Postby evan price » Thu Mar 01, 2012 8:04 pm

In previous posts we got the action open on a S&W revolver.
Now, we'll dive into the action itself.


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Remove the strain screw we loosened earlier.
Then remove the main spring by unhooking it from the hammer stirrup.
Note that the end of the spring is made to fit into a shaped notch in the bottom of the lower strap.
The notch in the spring must go back in the frame notch or the gun won't work right when reassembled.


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Now comes the part of the job that everybody fears- removing the rebound slide.
There is a fairly stiff coil spring inside the rebound block.
If you are not careful it will KA-SPROING!! somewhere and never be seen again.
It's really not that bad. Honestly.
Put the action of the gun in a plastic bag and remove the rebound slide if it worries you.
There's a fairly simple tool that is sold to deal with this spring and the slide block itself.
However it's a single-tasker and I can't see spending the cash for it.
A careful touch with a stiff screwdriver compresses the spring and lets the slide block come out without putting one's eye out.


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Here's the rebound spring. It's stiff, but it can be worked with.
On the top of the rebound slide block there's a teeny-tiny pin that the hammer block's lower slot will rest over.
On some guns this pin is not press fit, it just slips in, and it can be lost.
If it falls out on the carpet you WILL spend time looking for it with a magnet. Be careful!


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The hammer can now be removed by partially cocking it (Have to hold the bolt/cylinder release forward first) and wiggling it out.


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Here's the hammer assembly. You can see the main spring stirrup (the little swinging T-bar thingy) and the double action sear.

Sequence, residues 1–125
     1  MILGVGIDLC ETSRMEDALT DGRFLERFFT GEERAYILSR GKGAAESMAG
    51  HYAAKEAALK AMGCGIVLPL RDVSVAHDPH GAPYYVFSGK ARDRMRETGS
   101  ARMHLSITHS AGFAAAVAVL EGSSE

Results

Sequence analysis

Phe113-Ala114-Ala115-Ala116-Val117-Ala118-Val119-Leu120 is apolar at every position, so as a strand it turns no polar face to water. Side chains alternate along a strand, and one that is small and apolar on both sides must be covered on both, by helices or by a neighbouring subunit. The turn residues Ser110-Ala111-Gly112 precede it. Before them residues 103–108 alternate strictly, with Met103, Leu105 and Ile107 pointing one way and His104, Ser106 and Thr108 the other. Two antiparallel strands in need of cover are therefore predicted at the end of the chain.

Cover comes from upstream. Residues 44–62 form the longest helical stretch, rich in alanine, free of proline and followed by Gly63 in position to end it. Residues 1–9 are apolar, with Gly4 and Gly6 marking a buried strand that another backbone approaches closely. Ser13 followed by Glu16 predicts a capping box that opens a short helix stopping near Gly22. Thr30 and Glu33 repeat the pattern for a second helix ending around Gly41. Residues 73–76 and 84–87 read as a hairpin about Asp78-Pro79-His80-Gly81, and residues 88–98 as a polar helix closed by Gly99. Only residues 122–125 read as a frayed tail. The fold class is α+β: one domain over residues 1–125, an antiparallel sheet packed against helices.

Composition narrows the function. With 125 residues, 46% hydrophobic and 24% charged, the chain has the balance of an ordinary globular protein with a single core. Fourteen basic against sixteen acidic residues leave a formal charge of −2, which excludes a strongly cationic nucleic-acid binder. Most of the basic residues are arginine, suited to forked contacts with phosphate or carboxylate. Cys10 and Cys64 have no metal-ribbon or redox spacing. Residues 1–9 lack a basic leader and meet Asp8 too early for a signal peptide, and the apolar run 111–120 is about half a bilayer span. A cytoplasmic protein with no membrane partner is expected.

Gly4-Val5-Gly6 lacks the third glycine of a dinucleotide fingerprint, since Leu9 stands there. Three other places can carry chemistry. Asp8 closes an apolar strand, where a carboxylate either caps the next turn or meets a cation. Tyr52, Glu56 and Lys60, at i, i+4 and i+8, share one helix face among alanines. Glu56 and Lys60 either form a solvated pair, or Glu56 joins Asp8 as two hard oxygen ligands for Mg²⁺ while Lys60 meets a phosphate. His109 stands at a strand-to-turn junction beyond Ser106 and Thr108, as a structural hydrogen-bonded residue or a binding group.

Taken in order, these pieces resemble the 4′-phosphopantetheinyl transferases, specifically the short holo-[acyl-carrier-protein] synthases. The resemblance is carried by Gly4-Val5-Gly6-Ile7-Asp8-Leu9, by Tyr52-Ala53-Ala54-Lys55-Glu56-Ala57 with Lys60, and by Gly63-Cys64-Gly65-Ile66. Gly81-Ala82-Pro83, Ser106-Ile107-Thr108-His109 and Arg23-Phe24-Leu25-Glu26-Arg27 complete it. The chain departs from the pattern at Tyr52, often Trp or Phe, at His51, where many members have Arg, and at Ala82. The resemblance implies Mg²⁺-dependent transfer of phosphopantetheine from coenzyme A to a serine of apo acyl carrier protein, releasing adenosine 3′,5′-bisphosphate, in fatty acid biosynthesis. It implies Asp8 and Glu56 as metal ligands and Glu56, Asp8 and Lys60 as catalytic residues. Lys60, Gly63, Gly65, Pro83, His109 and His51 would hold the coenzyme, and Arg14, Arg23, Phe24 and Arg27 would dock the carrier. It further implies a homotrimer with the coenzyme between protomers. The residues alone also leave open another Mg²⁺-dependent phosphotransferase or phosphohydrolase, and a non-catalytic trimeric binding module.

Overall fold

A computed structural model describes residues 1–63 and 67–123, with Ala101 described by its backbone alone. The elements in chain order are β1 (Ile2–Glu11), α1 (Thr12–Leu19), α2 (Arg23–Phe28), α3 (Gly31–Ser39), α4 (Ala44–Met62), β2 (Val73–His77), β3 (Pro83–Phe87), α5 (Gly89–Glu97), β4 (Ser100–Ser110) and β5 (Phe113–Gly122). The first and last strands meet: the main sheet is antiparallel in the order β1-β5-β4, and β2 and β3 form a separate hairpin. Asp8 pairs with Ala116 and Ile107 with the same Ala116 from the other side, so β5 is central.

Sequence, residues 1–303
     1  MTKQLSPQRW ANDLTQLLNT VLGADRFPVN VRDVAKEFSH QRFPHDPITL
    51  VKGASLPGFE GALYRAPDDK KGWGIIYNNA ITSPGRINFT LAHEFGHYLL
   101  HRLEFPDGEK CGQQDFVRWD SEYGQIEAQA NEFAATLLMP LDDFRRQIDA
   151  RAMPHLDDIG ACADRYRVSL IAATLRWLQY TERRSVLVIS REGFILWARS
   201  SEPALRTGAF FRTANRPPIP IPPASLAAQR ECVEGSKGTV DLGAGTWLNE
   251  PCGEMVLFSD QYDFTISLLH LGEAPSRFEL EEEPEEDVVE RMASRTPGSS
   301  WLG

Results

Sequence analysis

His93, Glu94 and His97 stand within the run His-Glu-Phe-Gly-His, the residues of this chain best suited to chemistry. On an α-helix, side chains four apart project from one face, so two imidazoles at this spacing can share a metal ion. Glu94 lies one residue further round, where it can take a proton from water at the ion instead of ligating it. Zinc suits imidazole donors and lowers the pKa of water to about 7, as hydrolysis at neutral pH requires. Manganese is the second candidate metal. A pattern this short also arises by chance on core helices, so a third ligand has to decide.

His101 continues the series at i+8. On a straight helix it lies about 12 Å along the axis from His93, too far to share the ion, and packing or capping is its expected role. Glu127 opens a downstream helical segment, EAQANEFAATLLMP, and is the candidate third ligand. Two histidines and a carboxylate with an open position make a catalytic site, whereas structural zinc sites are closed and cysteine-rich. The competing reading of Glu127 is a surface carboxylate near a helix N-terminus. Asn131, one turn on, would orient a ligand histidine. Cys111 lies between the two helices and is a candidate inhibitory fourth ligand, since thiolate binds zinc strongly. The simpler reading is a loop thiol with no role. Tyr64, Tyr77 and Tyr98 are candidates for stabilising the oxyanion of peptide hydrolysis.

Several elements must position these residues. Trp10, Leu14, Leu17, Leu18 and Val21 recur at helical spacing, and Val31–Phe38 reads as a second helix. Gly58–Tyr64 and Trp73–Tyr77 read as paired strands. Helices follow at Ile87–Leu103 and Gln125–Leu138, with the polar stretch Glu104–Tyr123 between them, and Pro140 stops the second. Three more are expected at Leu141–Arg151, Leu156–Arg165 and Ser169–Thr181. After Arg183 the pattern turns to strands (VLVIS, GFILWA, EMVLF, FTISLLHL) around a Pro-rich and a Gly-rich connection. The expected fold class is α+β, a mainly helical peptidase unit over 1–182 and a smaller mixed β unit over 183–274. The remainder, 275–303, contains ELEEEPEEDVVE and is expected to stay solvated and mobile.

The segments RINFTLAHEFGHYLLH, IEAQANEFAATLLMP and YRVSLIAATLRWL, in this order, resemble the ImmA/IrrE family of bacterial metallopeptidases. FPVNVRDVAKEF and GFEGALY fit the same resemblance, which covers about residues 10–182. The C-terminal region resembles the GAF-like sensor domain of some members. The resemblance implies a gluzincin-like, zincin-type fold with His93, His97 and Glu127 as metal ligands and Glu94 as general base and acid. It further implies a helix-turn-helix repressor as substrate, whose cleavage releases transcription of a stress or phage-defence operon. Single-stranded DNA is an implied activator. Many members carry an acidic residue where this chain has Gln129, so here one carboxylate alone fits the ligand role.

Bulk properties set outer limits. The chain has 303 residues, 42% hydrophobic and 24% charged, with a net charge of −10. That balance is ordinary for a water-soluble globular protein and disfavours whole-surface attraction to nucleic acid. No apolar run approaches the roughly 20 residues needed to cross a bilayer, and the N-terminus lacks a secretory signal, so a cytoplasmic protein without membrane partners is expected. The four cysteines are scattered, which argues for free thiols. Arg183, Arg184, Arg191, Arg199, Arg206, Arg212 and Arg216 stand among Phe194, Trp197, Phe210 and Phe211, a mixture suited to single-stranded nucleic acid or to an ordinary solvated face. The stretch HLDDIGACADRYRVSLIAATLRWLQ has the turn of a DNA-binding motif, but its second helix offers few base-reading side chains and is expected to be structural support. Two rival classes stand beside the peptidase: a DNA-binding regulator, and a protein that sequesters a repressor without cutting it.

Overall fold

That's the flat, spring loaded piece in the face of the hammer.


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The small flipper-looking thing attached to the trigger is the Hand.
It is what turns the cylinder when the revolver is cocked or fired.
It attaches to the trigger with two pins and a torsion spring inside the trigger itself.


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The trigger & hand assembly can be worked out of the frame at this time. Some jiggling is expected.
You can remove the hand from the trigger, but if you do, you will need to make sure the pins are properly engaged in the torsion spring in the trigger.


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The action parts look like stainless steel. In reality they are hard-chromed. Stainless steel tends to gall and when it rubs on itself, even more so.
To avoid this, S&W hard-chromed the hammer & trigger. It's why the color does not match the stainless, it looks dull.

Here's a shot of the sear surfaces on the hammer and trigger.
It is really tempting to take a diamond stone to these notches and edges to smooth them out.
Unless you have a stoning jig I would not advise it.
The angles are cut at the factory and then surface hardened.
If you don't have a jig to hold the angle right you can actually ruin the engagement by breaking the sharp angles or making it wavy.
Since the surface hardening is only a few thousandths thick, any over aggressive stoning (Like to repair a sloppy angle you cut) will break through the hard layer and into the soft layer.
That ruins the sear surfaces and causes premature wear.